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TransCorp Spine surgical system attracts national peer-review award

December 25, 2012
| By Pete Daly |
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TransCorp Spine surgical system attracts national peer-review award
The Brain + Spine Center’s Dr. David W. Lowry, left, and physician assistant Scott M. Tuinstra in surgery. Courtesy Brain + Spine Center

The Brain + Spine Center in Holland Township has announced that the SpinePort surgical system co-invented by the clinic’s neurosurgeon, Dr. David W. Lowry, and physician assistant Scott M. Tuinstra has received a 2012 Spine Tech Award from the trade publication Orthopedics This Week.

The publication’s annual awards are determined by a peer-review process and recognize the best products, engineers and inventors in spine surgery. The 2012 Spine Tech Award in the cervical, neck category was presented to TransCorp Spine, an Ada-based company that markets the SpinePort and was launched by Lowry in 2007.

“They are decided in a peer-review manner,” said Lowry, “so thought-leading surgeons, both neurosurgeons and orthopedic spine surgeons, sit on a panel that determines who will get these awards. We were fortunate enough to be selected.”

The SpinePort System provides precise instrument control needed by surgeons to more effectively perform transcorporeal microdecompression, a minimally invasive alternative to fusion of spinal discs or total disc replacement. This newer procedure helps retain the natural movement in the neck, along with the potential of returning the patient to normal activity in a much shorter time.

Lowry said the traditional surgery to remove herniated disc fragments or bone spurs will often require a fusion or a disc replacement. The patient’s recovery time — the time off from work — from fusion or disc replacement can vary from four to eight weeks.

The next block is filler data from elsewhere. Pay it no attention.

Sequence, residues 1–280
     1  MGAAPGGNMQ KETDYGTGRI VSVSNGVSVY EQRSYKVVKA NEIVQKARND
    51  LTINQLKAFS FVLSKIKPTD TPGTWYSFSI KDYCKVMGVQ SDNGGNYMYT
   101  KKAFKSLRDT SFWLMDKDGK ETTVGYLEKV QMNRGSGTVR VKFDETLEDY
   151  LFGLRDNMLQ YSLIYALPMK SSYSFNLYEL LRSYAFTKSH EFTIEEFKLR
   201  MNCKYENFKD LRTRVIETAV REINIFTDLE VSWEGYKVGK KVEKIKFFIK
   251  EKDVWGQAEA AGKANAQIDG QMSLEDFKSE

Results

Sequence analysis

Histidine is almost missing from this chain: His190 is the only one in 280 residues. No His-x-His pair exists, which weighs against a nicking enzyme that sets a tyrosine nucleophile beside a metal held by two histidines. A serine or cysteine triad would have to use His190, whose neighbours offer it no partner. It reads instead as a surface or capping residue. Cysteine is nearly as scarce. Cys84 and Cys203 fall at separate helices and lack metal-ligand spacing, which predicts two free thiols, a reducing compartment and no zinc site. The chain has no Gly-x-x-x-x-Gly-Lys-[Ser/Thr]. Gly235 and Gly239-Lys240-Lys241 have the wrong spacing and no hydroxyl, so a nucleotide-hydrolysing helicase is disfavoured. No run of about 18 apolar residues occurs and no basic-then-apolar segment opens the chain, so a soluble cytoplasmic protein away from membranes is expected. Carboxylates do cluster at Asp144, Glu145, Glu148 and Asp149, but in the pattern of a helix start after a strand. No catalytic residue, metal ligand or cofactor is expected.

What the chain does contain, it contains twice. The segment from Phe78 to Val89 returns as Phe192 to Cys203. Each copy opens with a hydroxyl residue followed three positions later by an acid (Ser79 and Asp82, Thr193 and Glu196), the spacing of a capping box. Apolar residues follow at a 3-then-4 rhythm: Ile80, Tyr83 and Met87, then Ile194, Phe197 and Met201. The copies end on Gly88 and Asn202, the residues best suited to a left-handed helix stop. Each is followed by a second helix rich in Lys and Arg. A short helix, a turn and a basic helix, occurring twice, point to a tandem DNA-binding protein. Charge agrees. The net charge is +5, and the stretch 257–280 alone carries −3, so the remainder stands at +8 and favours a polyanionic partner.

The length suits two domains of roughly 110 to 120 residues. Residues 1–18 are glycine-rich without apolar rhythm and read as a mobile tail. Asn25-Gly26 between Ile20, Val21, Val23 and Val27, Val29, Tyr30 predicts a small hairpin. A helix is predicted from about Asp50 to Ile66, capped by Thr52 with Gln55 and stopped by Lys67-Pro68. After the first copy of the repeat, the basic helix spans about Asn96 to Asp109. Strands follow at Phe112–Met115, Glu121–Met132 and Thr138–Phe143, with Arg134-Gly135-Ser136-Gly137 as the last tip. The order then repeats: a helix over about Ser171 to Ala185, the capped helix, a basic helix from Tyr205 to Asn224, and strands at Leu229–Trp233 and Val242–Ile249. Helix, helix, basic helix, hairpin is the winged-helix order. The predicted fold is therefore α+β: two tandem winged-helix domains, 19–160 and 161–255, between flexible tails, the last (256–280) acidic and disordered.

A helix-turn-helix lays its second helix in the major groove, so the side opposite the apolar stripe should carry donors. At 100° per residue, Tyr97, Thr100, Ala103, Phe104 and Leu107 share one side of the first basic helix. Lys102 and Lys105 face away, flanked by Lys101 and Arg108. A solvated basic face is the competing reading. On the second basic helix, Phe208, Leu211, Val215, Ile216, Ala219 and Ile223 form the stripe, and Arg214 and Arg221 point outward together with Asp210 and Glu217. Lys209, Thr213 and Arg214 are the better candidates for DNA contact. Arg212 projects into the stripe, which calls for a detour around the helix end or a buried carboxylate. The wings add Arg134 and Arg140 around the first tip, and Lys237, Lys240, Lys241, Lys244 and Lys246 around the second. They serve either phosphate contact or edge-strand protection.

“With this newer technique, we are able to get half of the patients back to work within five days,” said Lowry.

“While this approach is not appropriate for all patients with neck spine problems, for the right patient, this can really get them back into normal life more quickly,” he added.

Lowry's and Tuinstra’s names are on the patent issued for the SpinePort System, in addition to Hope College engineering professor Roger Veldman and Desmond O’Farrell, an executive at TransCorp Spine.

The SpinePort was approved for use by the FDA in September.

“It is definitely an honor to be singled out for the innovation in our field. The greatest satisfaction is seeing patients enjoy a life of motion again. I have literally been hugged because of TCMD outcomes,” said Tuinstra.

In addition to practicing medicine at The Brain + Spine Center, Lowry is a founder of several privately held, early stage medical device companies developing minimally invasive and tissue-saving products and procedures for the treatment of spinal and neurological pathologies.

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